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Permanent link (DOI): https://doi.org/10.7939/R30Z71379
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Metal Artifact Reduction in Computed Tomographic (CT) Images for Radiotherapy Treatment Planning Open Access
- Other title
Radiotherapy Treatment Planning
Metal Artifact Reduction
- Type of item
- Degree grantor
University of Alberta
- Author or creator
Paudel, Moti R
- Supervisor and department
Rathee, Satyapal (Oncology)
- Examining committee member and department
Mackenzie, Marc (Oncology)
Molloy, Janelle (Radiation Medicine, University of Kentucky)
Sloboda, Ron (Oncology)
Wilman, Alan (Biomedical Engeneering)
Fallone, Gino (Oncology, and Physics)
Department of Oncology
- Date accepted
- Graduation date
Doctor of Philosophy
- Degree level
High density/high atomic number metallic objects create shading and streaking metal artifacts in the CT image that can cause inaccurate delineation of anatomical structures or inaccurate radiation dose calculation.
We developed techniques for reducing metal artifacts in both megavoltage CT (MVCT) and kilovoltage CT (kVCT) images. We remodelled the iterative maximum polychromatic algorithm for CT (IMPACT) by adding a model for pair/triplet production and incorporating the energy dependent response of the detectors and successfully applied it to two MVCT systems. In the corrected image of a phantom, the error in the measured electron density of a plexiglass background was <1%. The mean deviation of measured electron density (0.295 1.695 relative to water) for a range of materials was <3%. For the kVCT beam, a thickness ≥13 mm of steel plate resulted in photon starvation at the detector. The modifications, similar to those for MVCT, made to kVCT in the IMPACT algorithm did not improve its performance due to photon starvation.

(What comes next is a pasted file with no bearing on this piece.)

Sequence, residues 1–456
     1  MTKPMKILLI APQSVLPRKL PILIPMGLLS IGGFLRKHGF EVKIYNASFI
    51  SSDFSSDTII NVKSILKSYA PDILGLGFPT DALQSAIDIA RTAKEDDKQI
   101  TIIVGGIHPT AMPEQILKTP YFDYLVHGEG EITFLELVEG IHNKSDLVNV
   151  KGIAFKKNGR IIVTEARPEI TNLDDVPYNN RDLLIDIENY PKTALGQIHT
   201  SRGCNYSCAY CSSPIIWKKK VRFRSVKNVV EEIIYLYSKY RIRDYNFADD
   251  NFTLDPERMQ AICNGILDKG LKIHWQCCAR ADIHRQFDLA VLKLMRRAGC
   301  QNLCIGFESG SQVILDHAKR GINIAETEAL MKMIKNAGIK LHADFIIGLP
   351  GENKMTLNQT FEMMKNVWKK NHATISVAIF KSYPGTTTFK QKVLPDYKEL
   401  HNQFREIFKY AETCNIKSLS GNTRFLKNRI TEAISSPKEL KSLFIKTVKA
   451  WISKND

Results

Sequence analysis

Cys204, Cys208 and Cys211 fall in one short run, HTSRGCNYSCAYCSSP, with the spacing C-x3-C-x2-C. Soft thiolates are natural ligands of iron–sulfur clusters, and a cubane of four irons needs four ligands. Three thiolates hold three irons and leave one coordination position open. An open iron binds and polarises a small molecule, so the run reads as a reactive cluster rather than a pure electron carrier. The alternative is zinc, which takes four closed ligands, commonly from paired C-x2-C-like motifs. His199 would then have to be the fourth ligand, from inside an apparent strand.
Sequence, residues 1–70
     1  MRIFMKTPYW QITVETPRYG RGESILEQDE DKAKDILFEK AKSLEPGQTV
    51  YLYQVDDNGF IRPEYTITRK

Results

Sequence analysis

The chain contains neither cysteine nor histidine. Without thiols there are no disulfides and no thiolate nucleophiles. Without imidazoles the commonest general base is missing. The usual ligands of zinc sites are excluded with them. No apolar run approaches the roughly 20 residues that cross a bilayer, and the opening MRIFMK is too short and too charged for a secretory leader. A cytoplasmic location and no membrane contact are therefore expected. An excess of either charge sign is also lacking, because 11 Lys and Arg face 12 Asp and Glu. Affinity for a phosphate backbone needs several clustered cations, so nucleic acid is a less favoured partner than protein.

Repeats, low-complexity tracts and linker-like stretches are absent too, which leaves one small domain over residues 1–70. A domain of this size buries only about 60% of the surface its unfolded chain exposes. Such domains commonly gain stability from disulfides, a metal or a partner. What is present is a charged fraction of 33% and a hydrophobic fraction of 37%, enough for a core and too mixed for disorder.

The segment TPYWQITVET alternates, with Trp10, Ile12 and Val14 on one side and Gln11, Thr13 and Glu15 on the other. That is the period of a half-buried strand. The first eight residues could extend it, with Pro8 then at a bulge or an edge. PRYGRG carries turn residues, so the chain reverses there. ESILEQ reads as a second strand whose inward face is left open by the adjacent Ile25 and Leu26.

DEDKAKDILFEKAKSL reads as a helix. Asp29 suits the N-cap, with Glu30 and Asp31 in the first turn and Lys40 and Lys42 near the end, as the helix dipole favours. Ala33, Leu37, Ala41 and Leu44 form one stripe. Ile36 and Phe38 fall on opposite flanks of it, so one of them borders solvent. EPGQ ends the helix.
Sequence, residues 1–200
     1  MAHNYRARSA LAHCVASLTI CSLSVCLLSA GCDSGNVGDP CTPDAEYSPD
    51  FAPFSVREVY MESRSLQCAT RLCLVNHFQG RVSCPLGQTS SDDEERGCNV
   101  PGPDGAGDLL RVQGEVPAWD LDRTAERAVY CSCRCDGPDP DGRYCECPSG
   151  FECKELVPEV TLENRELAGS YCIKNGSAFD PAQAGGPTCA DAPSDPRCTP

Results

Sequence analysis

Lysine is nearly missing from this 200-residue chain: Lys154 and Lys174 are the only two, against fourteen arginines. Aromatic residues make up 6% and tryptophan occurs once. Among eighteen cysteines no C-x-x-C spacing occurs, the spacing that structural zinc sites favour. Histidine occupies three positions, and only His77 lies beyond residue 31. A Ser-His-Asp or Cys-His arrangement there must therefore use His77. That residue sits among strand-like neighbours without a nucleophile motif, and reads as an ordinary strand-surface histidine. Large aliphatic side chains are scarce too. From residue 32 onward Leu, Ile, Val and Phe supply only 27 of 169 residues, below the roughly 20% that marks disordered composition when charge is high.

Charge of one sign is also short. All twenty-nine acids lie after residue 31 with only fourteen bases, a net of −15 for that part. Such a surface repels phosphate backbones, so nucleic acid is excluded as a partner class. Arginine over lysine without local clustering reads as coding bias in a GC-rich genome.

An algorithm (MVCT-NMAR) was developed that uses prior information from MVCT images to correct artifacts in kVCT. The MVCT-NMAR greatly reduced the metal artifacts in kVCT without deforming structures and did not introduce secondary artifacts except for a few faint streaks. The radiation doses calculated on those corrected images were closer to the doses in a reference image due to the more accurate CT numbers. These improvements were significant when compared to the commercial metal artifact correction method (OMAR algorithm in Philips CT scanner).
The MVCT-NMAR algorithm was further improved to remove remaining fine streakings and applied to the images of five patients. The technique greatly reduced the metal artifacts and avoided secondary artifacts. Those were significant improvements over the commercial OMAR correction method and depended upon accurate registration of the MVCT and kVCT images. Large dose reduction outside the planning target volume was observed for a prostate cancer patient when these images were used without the requirement that beams avoid passing through prostheses in TomoTherapyTM treatment plans. Thus the use of MVCT NMAR corrected images in radiotherapy treatment planning may raise the quality of cancer treatments for patients having metallic implants.
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- Citation for previous publication
M. R. Paudel, M. Mackenzie, B. G. Fallone, and S. Rathee, “Evaluation of metal artifacts in MVCT systems using a model based correction method,” Med. Phys. 39, 6297-6308 (2012).M. R. Paudel, M. Mackenzie, B. G. Fallone, and S. Rathee, “Evaluation of NMAR in kVCT using MVCT prior images for radiotherapy treatment planning,” Med. Phys. 40, 081701 (2013).
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File title: Chapter 1
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